oakwood village (copy)

Oakwood Village University Woods is located on Madison's west side.

Oakwood Village University Woods plans to demolish its apartment complex on Mineral Point Road and build two new ones, a move that will affect and potentially displace up to 80 residents, including 30 affordable-housing renters.

In 2022, the facility plans to start the renovation, which includes tearing down its current apartment tower, built in the 1970s. The tower will be replaced with two new facilities with larger apartments to better meet housing demands, said Keith VanLanduyt, vice president of marketing at Oakwood Village. He said staff there have been talking with residents about the project since 2011 and are currently working with residents who will be affected to help them find new places to live.

There are no plans to transfer or replace the Section 8 housing units in the new buildings, he said. Section 8 refers to the portion of federal law that offers low-income tenants housing vouchers to pay about 30 percent of their income, while the U.S. Department of Housing and Urban Development picks up the rest.

"We’re not talking about anyone needing to move anytime soon," VanLanduyt said. He said that Oakwood has gotten a lot of comments from residents but said it will pay for resident moving costs and is trying to be "really proactive and communicative with residents and giving them three years to plan."

"We are supporting them strongly and staying true to our mission," he said. 

Oakwood Village is an assisted living and apartment complex for senior adults run by Oakwood Lutheran Senior Ministries, a nonprofit formed in 1948. The nonprofit also runs a foundation, The Oakwood Foundation, which was established in 1981 to focus on enhancing the quality of life of elderly adults in Madison. It has two locations: Oakwood Village University Woods on Mineral Point Road and Oakwood Village Prairie Ridge on Tancho Drive. 

According to the plans, filed with the city on June 12, the renovation would take place in two phases: one to construct the first new apartment building with parking, a common area and dining venue, with leases to begin in 2022, and another to build a second apartment complex with a health and wellness center with leases to start in 2026.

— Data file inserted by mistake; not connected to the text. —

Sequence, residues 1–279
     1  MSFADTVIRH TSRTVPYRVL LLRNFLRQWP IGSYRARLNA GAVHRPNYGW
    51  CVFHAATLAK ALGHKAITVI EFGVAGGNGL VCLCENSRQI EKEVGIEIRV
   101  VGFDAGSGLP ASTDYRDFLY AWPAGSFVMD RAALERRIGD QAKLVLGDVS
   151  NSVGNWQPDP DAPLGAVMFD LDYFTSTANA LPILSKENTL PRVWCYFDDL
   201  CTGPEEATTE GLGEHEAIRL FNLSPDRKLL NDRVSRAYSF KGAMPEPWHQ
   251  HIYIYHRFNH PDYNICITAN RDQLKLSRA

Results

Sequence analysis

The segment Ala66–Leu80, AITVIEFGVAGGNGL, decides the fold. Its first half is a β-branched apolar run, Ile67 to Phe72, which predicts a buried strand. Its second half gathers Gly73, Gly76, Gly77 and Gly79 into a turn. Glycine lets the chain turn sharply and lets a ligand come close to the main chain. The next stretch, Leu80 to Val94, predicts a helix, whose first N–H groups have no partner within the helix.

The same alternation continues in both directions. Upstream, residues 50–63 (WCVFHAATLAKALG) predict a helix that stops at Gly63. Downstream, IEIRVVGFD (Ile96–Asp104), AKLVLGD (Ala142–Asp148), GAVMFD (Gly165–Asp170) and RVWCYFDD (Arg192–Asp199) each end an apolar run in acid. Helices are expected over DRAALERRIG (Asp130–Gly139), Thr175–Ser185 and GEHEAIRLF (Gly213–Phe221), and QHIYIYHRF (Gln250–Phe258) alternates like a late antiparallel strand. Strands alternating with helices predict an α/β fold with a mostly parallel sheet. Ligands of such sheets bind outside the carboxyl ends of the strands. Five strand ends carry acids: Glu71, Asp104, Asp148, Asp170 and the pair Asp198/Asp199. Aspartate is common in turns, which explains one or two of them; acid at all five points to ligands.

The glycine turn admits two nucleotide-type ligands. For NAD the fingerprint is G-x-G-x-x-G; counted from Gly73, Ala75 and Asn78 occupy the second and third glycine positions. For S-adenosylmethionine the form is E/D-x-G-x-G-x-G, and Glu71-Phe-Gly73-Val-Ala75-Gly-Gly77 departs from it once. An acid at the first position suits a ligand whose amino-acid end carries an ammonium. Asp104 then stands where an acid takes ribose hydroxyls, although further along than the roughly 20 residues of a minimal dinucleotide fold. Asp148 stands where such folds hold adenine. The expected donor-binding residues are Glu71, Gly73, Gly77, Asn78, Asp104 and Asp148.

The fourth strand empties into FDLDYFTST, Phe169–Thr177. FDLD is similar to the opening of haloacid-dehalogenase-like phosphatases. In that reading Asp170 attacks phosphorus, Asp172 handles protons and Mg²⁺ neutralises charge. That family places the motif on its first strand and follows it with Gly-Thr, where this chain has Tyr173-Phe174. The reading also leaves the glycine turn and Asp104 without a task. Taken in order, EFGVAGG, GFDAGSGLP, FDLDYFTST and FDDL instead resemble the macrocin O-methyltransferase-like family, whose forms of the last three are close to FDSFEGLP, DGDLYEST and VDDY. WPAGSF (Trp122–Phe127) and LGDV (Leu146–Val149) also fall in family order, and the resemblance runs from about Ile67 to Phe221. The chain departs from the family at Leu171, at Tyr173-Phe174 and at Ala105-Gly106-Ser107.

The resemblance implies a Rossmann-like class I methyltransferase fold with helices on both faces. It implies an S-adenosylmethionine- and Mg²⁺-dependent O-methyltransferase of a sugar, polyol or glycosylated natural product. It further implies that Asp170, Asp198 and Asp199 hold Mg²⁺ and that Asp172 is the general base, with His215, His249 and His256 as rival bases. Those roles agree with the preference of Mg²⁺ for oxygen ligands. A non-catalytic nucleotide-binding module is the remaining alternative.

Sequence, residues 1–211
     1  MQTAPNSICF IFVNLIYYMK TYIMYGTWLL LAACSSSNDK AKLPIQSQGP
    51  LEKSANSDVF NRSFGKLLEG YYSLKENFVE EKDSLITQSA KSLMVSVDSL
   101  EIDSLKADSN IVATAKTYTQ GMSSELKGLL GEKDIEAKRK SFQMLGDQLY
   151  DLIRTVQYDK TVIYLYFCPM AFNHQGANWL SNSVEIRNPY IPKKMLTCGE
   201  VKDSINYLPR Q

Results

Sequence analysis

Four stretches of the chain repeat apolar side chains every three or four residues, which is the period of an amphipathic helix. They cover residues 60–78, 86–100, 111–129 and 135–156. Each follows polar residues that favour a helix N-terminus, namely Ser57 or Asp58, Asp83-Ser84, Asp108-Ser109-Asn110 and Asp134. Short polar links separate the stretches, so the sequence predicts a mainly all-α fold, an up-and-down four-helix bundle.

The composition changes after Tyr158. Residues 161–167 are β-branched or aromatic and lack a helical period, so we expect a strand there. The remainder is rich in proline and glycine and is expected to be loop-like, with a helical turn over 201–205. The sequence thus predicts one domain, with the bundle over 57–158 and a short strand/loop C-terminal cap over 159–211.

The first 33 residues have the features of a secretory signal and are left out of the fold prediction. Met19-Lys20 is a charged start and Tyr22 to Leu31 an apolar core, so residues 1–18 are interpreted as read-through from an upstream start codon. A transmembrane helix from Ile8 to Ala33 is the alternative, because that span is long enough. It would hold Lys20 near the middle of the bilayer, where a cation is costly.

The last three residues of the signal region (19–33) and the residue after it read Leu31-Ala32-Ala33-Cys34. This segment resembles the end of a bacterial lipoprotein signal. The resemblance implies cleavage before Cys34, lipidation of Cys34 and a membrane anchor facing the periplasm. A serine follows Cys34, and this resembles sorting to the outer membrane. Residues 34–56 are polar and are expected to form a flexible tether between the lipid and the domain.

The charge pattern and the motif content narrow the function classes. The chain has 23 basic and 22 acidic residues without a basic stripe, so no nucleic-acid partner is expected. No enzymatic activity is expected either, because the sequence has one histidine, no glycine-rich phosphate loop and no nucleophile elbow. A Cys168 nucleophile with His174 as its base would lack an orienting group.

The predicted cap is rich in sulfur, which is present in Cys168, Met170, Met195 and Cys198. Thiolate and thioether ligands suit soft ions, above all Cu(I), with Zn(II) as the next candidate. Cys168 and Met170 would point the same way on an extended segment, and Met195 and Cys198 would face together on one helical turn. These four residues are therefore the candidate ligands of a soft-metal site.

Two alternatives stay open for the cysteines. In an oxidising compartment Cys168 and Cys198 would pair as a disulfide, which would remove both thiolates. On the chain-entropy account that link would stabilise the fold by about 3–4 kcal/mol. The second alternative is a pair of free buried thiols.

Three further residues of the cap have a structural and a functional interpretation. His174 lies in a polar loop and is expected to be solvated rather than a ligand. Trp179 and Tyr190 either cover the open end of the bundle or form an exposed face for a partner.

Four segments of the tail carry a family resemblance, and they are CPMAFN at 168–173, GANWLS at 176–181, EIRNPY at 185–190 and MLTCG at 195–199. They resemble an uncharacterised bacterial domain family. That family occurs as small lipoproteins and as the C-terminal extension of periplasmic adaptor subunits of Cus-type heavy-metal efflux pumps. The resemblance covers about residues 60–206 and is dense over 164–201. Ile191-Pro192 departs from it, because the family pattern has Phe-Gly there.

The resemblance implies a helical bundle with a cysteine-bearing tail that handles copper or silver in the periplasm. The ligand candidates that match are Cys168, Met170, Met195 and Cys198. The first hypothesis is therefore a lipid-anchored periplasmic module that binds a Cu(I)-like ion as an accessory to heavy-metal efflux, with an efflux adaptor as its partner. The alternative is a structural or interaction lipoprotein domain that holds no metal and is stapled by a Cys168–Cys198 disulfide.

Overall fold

The new apartment complex would have 14 floors of apartments, with a total of at least 140 one- and two-bedroom residential units and include a connector to the Covenant Oaks assisted living building. The new buildings will have only 1,000 to 1,500-square foot units. The current apartment building has only 500-square foot units. 

"The building systems are starting to deteriorate and basically ... we have a hard time marketing them because most apartments are 500 square feet," VanLanduyt said. 

About half of Oakwood's current tenants are eligible to be moved into the new apartments, because they signed a "life lease" prior to 2011. That premium rental agreement includes an entrance fee in addition to a monthly rental fee, and includes priority status for health care services.

"We believe we have an obligation to keep those folks on our campus so we're looking for alternatives," VanLanduyt said. 

The other half of its current tenants were moved in on a month-to-month lease in 2011 and will have to move. 

The plan also includes a reduction in assisted living and skilled nursing units, with 12 fewer skilled nursing and 12 fewer assisted living units by 2026, according to the facility's plans. 

 

Katelyn Ferral is The Cap Times' public affairs and investigative reporter. She joined the paper in 2015 and previously covered the energy industry for the Pittsburgh Tribune Review. She's also covered state politics and government in North Carolina.